You can define a statistical "gain" to characterize the student's improvement due to the course. If you plot Harvard's results along with data from other colleges, you find a gain of 23% which is much lower than the maximum possible gain of 100%.

Mazur considered various possibilities. Bad teacher? NO. Dumb students? NO. Blame the test! So he wrote his own test. He designed his exam so that each "conventional" question would be paired with a "conceptual" question. The conventional question was one you would find in a traditional textbook. The conceptual question was word based with no numbers or algebra. Moreover, he chose to do this on a topic that students had very little pre-existing intuition: DC circuits. For Newtonian mechanics, students might have real world experience that interfered with their reasoning. This could be avoided by testing them on DC circuits. An example paired conventional and conceptual question are shown below.

Conventional question

Conceptual question

Mazur found that the conventional questions gave misleading impressions of the students's performance. He had expected that conceptual question to be really easy, compared to the conventional question which requires cranking out a page of algebra. Any physicist can solve the conceptual problem in 30 seconds, with 5 seconds on parts (a)-(d) and 25 seconds on part (e). But the students freaked out on the conceptual question. The average score on the conventional question was 6.9/10. The average score on the conceptual question was 4.9/10, with a huge peak at 2/10. The students had been tripped up by the following fallacy. They thought that when the switch was closed, the current would be divided equally between the two paths (the wire with the short circuit and the wire with the light bulb). Therefore, they had all gotten part (b) correct, which is what resulted in the huge peak at 2/10. Mazur examined the correlation between the conventional question score and the conceptual question score. Students who did well on the conceptual question tended to do well on the conventional question. However, the converse was not true. Students who did well on conventional question did not necessarily do well on the conceptual question.

He realized that students were simply learning by "plug and chug", recipes, and memorization. No wonder people often complain that physics is boring! Physics is boring because students apply recipes they don't understand to solve problems. The way students try to solve problems is to look at the "problem solving strategies" box in the textbook. If that doesn't work, they find a worked problem and try to substitute the numbers. There is no real understanding of the concepts. Unfortunately, in physics, recipes only work sometimes. If a recipe only works for 75% of the textbook problems and not for the other 25%, then students get frustrated.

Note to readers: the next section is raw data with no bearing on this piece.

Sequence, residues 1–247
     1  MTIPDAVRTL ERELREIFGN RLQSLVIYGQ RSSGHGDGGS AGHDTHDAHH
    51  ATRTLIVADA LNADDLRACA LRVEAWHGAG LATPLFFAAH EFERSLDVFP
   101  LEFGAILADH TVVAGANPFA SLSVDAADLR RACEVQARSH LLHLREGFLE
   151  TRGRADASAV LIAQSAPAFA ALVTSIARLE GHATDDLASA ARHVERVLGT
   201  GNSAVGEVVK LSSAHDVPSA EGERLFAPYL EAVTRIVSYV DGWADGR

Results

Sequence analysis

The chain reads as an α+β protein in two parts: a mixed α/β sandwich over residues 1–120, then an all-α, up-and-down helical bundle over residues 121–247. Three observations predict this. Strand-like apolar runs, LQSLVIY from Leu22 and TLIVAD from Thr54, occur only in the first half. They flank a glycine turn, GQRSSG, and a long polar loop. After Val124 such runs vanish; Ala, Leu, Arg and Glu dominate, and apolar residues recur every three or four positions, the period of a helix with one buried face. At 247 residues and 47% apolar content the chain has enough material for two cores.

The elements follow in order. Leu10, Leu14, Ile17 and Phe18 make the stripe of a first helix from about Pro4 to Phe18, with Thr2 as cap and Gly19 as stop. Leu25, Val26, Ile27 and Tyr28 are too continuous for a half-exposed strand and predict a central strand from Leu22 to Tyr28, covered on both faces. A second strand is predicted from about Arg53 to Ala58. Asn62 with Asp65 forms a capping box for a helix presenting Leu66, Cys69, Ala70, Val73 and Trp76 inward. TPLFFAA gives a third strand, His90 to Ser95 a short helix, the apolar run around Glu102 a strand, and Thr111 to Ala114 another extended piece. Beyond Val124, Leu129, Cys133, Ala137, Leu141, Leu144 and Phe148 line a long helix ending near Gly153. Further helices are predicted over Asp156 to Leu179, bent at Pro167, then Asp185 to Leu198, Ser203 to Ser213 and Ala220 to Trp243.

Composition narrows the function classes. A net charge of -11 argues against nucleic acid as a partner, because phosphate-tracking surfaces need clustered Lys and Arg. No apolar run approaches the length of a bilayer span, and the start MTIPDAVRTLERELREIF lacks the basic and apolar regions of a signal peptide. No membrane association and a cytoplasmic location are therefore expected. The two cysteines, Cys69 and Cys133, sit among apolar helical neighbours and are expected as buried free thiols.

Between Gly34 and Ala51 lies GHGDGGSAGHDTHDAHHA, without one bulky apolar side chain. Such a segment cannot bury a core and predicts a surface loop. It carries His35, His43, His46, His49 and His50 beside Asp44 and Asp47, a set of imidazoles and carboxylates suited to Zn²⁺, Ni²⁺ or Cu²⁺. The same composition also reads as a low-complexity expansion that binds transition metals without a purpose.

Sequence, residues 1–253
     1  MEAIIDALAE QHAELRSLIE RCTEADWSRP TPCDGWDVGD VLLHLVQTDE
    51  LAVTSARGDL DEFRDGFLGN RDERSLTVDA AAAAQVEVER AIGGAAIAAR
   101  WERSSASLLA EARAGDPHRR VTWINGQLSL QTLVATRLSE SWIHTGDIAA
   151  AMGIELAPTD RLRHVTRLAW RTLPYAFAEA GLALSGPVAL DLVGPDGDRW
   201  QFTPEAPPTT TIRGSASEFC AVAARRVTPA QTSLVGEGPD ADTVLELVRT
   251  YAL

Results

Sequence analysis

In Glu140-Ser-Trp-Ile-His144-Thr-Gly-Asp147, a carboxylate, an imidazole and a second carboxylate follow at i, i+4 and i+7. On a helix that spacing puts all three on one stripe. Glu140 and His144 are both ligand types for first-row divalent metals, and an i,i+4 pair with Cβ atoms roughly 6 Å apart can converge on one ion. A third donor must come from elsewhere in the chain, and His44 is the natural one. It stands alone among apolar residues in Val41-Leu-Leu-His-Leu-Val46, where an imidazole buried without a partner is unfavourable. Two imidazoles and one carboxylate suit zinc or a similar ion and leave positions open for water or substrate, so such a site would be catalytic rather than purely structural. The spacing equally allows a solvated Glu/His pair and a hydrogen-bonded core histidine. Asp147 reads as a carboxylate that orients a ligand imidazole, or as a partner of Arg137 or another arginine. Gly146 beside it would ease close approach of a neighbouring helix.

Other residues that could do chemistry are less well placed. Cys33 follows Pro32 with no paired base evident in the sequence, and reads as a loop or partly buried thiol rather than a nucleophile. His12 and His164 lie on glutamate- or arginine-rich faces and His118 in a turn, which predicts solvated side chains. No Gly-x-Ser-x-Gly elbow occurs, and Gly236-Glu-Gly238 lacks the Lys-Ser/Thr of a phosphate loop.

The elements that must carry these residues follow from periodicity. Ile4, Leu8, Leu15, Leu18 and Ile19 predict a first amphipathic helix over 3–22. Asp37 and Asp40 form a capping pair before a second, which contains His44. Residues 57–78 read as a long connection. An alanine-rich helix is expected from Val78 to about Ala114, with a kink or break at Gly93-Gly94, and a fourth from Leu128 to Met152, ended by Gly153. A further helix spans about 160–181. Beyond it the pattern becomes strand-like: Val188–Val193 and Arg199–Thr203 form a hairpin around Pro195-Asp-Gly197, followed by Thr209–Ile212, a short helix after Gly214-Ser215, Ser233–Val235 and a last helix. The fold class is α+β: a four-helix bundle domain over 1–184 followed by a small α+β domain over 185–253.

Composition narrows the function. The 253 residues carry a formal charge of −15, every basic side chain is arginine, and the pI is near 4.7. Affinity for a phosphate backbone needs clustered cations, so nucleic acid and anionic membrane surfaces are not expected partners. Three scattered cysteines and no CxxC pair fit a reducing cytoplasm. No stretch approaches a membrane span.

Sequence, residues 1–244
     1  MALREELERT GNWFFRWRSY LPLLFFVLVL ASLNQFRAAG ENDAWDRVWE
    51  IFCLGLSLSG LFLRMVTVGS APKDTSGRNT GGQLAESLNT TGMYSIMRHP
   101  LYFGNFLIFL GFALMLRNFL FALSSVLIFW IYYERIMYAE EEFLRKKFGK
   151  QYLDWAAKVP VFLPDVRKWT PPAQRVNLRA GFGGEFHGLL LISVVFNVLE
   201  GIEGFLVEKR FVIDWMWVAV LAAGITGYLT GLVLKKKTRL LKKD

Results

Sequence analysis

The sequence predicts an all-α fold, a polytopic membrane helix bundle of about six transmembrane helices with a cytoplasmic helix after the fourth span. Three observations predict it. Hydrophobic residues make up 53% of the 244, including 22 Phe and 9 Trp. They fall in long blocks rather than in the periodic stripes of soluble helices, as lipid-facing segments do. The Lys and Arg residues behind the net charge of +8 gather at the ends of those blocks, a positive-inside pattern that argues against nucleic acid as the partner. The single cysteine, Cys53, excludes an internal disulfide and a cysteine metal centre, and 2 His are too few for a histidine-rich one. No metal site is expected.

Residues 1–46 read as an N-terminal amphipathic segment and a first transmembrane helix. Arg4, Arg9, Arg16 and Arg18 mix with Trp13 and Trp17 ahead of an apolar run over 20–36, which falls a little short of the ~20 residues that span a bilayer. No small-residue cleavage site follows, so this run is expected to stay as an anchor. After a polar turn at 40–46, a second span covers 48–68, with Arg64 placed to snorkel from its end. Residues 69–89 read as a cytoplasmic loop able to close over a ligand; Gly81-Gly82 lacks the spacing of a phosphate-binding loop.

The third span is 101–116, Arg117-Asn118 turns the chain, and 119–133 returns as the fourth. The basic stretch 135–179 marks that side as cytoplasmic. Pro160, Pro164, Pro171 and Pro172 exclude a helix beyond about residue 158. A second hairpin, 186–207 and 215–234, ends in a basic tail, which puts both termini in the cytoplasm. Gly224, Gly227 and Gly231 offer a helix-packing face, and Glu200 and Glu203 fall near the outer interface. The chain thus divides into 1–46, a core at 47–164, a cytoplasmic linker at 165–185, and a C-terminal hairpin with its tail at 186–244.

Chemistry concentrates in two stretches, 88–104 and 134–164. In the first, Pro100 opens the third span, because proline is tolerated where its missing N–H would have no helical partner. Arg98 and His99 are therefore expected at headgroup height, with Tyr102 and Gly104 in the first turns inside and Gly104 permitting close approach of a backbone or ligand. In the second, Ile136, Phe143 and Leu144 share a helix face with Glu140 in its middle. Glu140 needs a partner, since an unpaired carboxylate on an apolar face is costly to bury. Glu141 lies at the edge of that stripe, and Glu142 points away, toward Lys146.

Imagine that you are in a room of 150 students taking an exam. As you turn the page to the first problem, you see the conventional question with the circuit diagram we just discussed. what is your first thought? Kirchoff's Law problem! So, in a split second, you have already determined the appropriate recipe to use and there is no physics left. It's become an exercise in algebra. But do students actually understand Kirchoff's Law? Clearly not, because they did poorly on the conceptual question. [My comment: Physics has turned into zoology! We just classify problems by which recipe applies to them!]

Mazur was at a loss. But then he remembered what happened after he gave the class the FCI. The students were appalled by their poor performance and wanted Mazur to go through the test question by question. He didn't have time to do that in class, so he reserved a lecture hall at night for discussion. Let's go back to the question about the light truck and the heavy truck. Mazur's first explanation was "use Newton's Third Law, done." The students looked utterly confused. So he tried again. The second explanation was "a = F/m, so even though the forces are the same, the heavy truck experiences less acceleration and feels less from the impact." Still, blank looks. Then Mazur gave up and told the class to discuss the problem with their neighbors. Chaos ensued.

He realized that students have a much better idea of what difficulties their classmates are having. The instructors learned the material so long ago, that they have forgotten these difficulties. Education is a two step process: 1) information transfer, 2) assimilation of the information. Therefore, we should give students more responsibility for gathering information.

Mazur now uses a peer instruction style teaching method. Peer instruction includes 1) pre-class reading, 2) in-class instruction focusing on depth, not coverage, and 3) ConcepTests. Each ConcepTest follows the sequence: 1) Question, 2) Thinking, 3) Individual answer, 4) Peer discussion, 5) Revised/group answer, 6) Explanation. In practice, this is how it works. The lecturer will put the question on the projector and ask the class to think about it individually. Then each student has a "clicker" and electronically selects an answer from multiple choice. After that, the students pair up and try to convince their partner that their answer is correct. Finally, the students answer the question, possibly changing their answer after the discussion. Since the instructor can see the distribution of the answers, he/she gets feedback about the class's understanding and can adjust the instruction accordingly. Thus, instead of a traditional lecture, the class becomes ConcepTests interspersed with snippets of demonstrations and the lecturer talking.